Visitors to the latest TEDx Dublin event found a fusion of arts with science, brains and beauty, human capital and big data, as well as innovators sharing their insights, at the Bord Gáis Energy Theatre on Saturday.
So eager were people to get to the second TEDx organised by Science Gallery that tickets sold out before they were even advertised, according to Róisín McGann from Science Gallery.
The sunny day itself was an ideal backdrop to the event, which was packed to the gills with people from every age group, and a plethora of nationalities.
Outside the venue were skateboarders, dragon boats swishing in to dock, plus an orchestra wooing the crowds with music.
TEDx kicked off at 1pm, with a line-up of about nine speakers. Following is are highlights of a few, beginning with Fiona Newell, a psychology professor at Trinity College Dublin (TCD). Newell, who focuses on human perception, heads up the Multi-sensory Cognition group at TCD.
TCD professor Fiona Newell pictured during her talk at TEDx Dublin on 14 September 2013
Newell wanted to share her research insights about aesthetics, or what is beauty?
She referred to a recent article in The Irish Times, in which people were surveyed about what they thought was the world’s ugliest creature. Most people chose the blob fish.
Speaking about the subjectiveness of beauty – how beauty can be in the eye of the beholder – Newell asked topical questions, such as why do we like particular faces? Or why do people like different colours, especially in relation to girls and the colour pink, and boys and the colour blue.
Based on research, she drew upon faces and why people generally like faces that are symmetrical – apparently this has something to do with humans’ innate liking for symmetry.
“The brain seeks regularities,” explained Newell.
She also spoke about an Attractiveness Test that she carried out with her research team, giving people faces to look at, which also played with their peripheral vision.
She said our preferences are universal, not subjective. In other words, a child in East Timor or a child in Australia or a child in Hungary will all go for similar faces, due to, it seems, the pre-frontal cortex in the brain, and how it has evolved over the millennia.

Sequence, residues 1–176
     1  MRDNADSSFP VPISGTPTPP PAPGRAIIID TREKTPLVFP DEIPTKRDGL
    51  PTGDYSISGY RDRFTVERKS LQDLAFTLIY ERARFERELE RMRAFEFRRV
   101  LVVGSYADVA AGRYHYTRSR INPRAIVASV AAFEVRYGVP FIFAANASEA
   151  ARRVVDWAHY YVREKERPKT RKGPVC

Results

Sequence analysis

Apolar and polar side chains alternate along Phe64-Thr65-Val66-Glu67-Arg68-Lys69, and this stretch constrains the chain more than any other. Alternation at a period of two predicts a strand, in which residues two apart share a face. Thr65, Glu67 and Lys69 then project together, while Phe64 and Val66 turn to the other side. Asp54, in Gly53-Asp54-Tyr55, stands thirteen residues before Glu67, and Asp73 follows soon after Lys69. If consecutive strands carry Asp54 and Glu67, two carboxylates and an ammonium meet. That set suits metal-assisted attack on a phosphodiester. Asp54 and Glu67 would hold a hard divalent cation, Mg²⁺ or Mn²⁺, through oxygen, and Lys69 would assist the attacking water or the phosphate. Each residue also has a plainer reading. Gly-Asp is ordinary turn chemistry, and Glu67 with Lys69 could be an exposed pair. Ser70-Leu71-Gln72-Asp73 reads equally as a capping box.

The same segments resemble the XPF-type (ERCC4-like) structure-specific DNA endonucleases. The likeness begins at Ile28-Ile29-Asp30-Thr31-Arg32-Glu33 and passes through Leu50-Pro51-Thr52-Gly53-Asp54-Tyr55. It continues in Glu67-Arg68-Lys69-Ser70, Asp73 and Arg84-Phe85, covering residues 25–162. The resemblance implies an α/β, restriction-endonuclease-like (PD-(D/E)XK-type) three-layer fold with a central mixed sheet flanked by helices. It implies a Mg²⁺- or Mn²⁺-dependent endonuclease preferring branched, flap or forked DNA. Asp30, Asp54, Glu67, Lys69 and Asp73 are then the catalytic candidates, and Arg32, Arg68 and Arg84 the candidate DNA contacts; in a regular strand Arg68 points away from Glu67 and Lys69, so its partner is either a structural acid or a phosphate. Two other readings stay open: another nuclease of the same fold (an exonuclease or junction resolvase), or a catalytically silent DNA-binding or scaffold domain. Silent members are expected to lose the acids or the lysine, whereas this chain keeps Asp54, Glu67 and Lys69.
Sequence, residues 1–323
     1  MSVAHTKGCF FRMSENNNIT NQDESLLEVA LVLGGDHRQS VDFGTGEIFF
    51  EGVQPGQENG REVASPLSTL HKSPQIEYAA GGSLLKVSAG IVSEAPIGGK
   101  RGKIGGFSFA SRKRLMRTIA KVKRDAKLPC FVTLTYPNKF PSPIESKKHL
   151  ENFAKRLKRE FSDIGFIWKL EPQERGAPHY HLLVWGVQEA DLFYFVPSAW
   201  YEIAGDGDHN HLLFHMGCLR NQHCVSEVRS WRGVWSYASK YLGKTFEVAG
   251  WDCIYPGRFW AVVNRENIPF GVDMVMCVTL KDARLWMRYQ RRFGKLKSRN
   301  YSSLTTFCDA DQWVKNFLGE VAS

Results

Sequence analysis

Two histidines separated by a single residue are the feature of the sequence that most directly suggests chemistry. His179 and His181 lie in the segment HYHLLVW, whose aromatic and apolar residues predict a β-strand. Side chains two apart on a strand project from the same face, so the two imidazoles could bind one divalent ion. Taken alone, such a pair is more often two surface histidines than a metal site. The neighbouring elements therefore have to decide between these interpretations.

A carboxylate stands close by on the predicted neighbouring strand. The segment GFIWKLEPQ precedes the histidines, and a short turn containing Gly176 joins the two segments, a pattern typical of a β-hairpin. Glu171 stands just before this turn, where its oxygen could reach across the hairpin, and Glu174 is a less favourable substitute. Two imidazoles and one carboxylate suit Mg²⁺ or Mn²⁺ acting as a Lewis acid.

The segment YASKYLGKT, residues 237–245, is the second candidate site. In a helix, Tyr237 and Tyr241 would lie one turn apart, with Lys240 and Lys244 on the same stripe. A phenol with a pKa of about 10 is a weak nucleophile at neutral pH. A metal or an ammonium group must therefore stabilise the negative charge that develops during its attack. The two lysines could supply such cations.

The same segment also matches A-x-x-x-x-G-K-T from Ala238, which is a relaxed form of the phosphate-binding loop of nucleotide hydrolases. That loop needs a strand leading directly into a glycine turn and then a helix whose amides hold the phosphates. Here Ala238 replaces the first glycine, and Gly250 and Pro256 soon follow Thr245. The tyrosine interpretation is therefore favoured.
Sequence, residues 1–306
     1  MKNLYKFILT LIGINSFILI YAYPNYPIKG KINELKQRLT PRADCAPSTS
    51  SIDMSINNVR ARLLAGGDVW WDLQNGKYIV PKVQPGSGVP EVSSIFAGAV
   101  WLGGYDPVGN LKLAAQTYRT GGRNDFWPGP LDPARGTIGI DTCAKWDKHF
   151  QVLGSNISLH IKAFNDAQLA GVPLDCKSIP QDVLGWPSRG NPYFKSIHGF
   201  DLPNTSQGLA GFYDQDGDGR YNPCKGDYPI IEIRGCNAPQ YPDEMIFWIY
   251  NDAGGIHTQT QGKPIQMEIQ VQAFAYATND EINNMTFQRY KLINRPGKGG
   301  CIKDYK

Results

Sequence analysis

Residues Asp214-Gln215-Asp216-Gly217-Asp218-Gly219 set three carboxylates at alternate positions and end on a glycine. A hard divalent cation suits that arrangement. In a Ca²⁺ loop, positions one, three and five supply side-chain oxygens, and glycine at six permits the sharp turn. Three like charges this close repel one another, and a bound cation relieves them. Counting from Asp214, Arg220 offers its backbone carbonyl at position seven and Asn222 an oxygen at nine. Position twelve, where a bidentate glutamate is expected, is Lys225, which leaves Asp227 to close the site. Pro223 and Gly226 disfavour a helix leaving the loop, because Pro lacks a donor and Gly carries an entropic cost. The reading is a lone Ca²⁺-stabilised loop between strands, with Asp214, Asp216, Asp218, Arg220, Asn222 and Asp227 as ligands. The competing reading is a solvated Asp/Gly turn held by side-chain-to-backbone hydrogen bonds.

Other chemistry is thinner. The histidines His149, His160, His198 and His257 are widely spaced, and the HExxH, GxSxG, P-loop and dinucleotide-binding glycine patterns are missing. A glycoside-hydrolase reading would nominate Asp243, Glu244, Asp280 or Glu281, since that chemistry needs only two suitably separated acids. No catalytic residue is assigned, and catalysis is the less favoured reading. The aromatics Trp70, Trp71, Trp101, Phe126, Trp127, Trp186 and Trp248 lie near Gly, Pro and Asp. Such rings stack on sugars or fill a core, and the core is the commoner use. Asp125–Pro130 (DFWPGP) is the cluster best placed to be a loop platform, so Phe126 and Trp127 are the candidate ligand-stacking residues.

Champion surfer and PhD graduate in marine science Easkey Britton talks surfing and the social economy at TEDx Dublin
Surfing and making a social difference
Next up was Easkey Britton. With a PhD in marine science, Britton is probably best known in surfing circles for becoming the first Irish person to surf the so-called ‘hell-wave’ off the coastline of Tahiti.
Britton grew up in Rossnowlagh, Co Donegal, a part of the world that has become famous for its surf. She has been surfing since she was a tot. Her talk at TEDx was all about ‘sharing your passion’, as that is what Britton has been doing.
The five-time national surfing champ, and a finalist in the Billabong XXL Global Big Wave Awards, is also an artist, an explorer and a seeker.
While she was wrapping up her PhD in marine science, Britton decided to explore Iran and managed to find some coastline in the mostly landlocked country. Naturally, Britton then took it upon herself to become the first woman to surf in Iran.
Not just content with that achievement, she decided to share her passion with Iranians – women in particular.
In the province of Balochistan, she has been teaching women and kids how to surf.
In her TEDx talk, Britton said it is all about “facing fears” and that surfing teaches us to fall.
Not only that, she said that when surfing you need to become part of a crew, so people will look out for one another.
It’s about working as part of a team, and developing trust, Britton told the TEDx audience.
Drawing upon the importance of female role models to inspire more young women to become athletes, Britton talked about UN Women.
She said it is important for female leaders, and especially athletes, to share stories.
‘Swallow the Pacific Ocean in one gulp … ‘ – the late surfer Rell Sunn
Britton returned to Iran with a film crew in tow, to produce a documentary on her ‘Waves of Freedom’ project.
Her aim, she said, is to “challenge and transcend social and gender inequalities” through surfing.
Her ultimate guiding force has been the late surfer Rell Sunn, in order to bring together the global community of surfers to “accelerate change” and make a difference.